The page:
WILLIAMS v. JACKSON.
Gregory Williams appeals from the trial court's dismissal of his lawsuit against Reginald Jackson for insufficient service. We discern no error and affirm.
The record reveals that following a March 29, 2002 car accident in DeKalb County, Williams filed a personal injury lawsuit against Jackson. On April 1, 2003, the DeKalb County Sheriff attempted to serve Jackson at the address listed in Williams's complaint and on the accident report, but was unsuccessful because Jackson no longer lived at that address. Jackson filed an answer on April 24, 2003, and raised the defense of insufficient service.
Nearly a month later, Williams moved to have Jackson served by publication pursuant to OCGA § 33-7-11(e). The court granted the motion, and notices were published in the DeKalb County legal newspaper on June 19, June 26, July 3, and July 10, 2003.
On July 21, 2004, Jackson moved to dismiss the lawsuit for lack of service. At that time Jackson still had not been personally served with the lawsuit, and he averred that he had not been evading service. Williams responded to the motion by arguing that his effort to serve Jackson by publication within the applicable statute of limitation evinced the diligence necessary to perfect service on Jackson.
Jackson was personally served with the lawsuit on August 26, 2004-nearly five months after the applicable statute of limitation expired. See OCGA § 9-3-33. The record does not indicate that Williams made any effort to serve Jackson personally after attempting to serve him by publication. The trial court granted Jackson's motion to dismiss for lack of service, and Williams now appeals.
A trial court's finding of insufficient service of process will be upheld on appeal absent a showing of an abuse of discretion. Franchell v. Clark, 241 Ga.App. 128, 131(3), 524 S.E.2d 512 (1999). Factual disputes regarding service are to be resolved by the trial court, and the court's findings will be upheld if there is any evidence to support them. See Terrell v. Porter, 189 Ga.App. 778, 779(1), 377 S.E.2d 540 (1989).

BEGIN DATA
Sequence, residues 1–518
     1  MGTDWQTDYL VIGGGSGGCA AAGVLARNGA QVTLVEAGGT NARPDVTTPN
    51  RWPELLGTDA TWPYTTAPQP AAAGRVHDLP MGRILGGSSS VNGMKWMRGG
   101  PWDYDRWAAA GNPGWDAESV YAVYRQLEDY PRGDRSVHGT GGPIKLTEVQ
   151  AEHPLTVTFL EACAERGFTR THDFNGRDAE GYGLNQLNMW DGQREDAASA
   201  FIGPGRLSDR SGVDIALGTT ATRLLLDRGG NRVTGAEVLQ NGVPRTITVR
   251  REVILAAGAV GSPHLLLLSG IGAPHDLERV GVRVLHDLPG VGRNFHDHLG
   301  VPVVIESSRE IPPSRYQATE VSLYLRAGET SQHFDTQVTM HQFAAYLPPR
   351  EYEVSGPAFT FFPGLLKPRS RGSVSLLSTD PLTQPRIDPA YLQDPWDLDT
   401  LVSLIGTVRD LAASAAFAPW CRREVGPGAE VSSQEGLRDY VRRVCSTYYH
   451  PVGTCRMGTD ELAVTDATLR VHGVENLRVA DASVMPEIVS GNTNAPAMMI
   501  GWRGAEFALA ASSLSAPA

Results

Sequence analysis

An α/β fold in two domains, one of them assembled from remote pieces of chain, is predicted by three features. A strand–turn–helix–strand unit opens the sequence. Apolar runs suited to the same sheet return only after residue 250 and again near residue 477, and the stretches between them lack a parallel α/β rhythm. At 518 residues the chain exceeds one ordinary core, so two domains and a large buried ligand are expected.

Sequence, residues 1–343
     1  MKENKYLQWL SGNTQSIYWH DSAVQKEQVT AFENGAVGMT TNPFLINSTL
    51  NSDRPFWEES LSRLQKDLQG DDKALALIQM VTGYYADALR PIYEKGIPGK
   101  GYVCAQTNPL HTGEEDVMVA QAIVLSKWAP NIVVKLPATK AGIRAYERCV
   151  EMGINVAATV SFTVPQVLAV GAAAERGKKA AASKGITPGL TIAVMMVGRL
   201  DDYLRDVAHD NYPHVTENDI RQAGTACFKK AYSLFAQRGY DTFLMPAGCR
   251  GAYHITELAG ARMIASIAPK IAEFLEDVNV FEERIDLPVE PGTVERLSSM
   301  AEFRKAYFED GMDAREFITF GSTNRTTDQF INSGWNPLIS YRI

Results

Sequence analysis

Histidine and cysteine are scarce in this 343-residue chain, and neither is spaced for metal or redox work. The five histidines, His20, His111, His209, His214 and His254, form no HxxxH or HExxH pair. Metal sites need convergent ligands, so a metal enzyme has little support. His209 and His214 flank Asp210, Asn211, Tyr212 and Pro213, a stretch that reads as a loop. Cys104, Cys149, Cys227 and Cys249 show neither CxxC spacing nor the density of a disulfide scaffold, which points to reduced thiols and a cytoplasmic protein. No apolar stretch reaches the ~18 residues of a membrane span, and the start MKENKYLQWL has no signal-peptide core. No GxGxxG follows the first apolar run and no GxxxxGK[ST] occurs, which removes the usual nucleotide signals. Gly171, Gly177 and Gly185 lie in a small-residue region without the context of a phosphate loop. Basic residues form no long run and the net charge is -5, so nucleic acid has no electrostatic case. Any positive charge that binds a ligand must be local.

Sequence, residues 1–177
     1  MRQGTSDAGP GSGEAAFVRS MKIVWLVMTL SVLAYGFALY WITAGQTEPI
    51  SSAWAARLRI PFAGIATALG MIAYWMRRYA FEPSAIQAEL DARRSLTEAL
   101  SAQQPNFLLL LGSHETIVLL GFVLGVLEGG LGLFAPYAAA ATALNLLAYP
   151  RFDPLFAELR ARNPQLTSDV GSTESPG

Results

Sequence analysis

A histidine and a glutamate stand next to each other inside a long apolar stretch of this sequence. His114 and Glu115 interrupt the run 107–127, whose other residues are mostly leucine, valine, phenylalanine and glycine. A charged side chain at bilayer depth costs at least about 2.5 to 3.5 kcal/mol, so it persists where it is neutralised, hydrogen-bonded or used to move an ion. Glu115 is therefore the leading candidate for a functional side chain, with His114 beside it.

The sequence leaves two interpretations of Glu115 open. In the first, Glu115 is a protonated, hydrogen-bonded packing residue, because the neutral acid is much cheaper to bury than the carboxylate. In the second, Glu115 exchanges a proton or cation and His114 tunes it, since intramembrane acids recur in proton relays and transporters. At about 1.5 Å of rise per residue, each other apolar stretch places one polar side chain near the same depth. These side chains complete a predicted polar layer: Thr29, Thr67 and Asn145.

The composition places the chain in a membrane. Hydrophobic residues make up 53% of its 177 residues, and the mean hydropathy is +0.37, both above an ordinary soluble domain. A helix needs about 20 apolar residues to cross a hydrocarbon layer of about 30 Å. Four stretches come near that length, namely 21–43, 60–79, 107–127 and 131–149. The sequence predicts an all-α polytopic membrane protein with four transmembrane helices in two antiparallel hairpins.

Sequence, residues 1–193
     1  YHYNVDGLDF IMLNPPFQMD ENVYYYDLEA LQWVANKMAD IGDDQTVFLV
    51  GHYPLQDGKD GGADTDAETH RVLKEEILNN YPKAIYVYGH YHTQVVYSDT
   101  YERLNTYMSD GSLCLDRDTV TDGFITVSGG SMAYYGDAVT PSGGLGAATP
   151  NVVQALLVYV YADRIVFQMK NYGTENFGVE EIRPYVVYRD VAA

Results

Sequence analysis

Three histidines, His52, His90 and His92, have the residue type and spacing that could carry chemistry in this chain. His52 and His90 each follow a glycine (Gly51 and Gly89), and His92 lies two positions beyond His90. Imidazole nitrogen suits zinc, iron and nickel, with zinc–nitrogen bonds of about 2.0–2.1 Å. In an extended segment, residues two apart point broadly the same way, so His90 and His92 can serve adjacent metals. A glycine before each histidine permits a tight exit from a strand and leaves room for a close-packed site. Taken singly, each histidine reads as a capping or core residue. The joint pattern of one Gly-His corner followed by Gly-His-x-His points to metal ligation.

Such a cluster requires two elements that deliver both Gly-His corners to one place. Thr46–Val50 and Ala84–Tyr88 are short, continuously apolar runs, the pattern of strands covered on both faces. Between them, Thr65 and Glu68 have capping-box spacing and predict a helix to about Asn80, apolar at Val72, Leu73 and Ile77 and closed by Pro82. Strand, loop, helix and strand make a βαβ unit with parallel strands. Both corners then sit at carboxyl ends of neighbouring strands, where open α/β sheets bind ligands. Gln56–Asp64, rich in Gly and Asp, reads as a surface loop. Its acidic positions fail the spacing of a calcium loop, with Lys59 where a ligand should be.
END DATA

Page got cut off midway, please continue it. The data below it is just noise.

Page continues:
In order to toll the statute of limitation after the timely filing of a complaint, a plaintiff must show that he acted in a reasonable and diligent manner in attempting to effectuate proper service. Patterson v. Johnson, 226 Ga.App. 396, 397, 486 S.E.2d 660 (1997). When the statute of limitation has expired, and a defendant raises the issue of defective service in his answer, the plaintiff must act with “the greatest possible diligence” from that point forward in order to serve the defendant (and have such service relate back to the filing of the complaint) or risk dismissal of his case. See Ingraham v. Marr, 246 Ga.App. 445, 447(2), 540 S.E.2d 652 (2000).
The factors relevant to service by publication are not to be confused with the standards and purpose for personal service. “[S]ervice by publication does not require a showing that service has been attempted but only that the party to be served has departed from the state, or cannot, after due diligence, be found within the state, or conceals himself to avoid the service of summons.” (Citations and punctuation omitted.) Wilson v. State Farm, etc., Ins. Co., 239 Ga.App. 168, 170, 520 S.E.2d 917 (1999).
Service by publication is necessary on a known but unlocateable uninsured motorist to satisfy the condition precedent of a nominal judgment under OCGA § 33-7-11(d) before the uninsured motorist carrier may be liable under the insured's contract and the uninsured motorist statute. The nominal judgment is subject to collateral attack by the uninsured motorist at any time, because he or she has never been personally served.
(Citations omitted.) Id. Indeed, “service by publication is insufficient to confer in personam jurisdiction over [a] defendant.” (Citations and punctuation omitted.) Id. at 171, 520 S.E.2d 917.
Here, even though Williams may have exercised the requisite due diligence to find Jackson in order to authorize service by publication, there is no evidence of record that he acted with the greatest possible diligence to serve Jackson personally after Jackson had filed his answer and the statute of limitation had run. Service by publication alone was insufficient for the court to obtain personal jurisdiction over Jackson and for Williams to obtain a personal judgment against him. See Wilson, supra, 239 Ga.App. at 171, 520 S.E.2d 917. Nor has Williams provided any evidence of efforts that he took to personally serve Jackson after the statute of limitation had run. The trial court did not abuse its discretion in dismissing Williams's lawsuit for lack of service. See, e.g., Ingraham, supra, 246 Ga.App. at 447-448(2), 540 S.E.2d 652.
BLACKBURN, P.J., and BERNES, J., concur.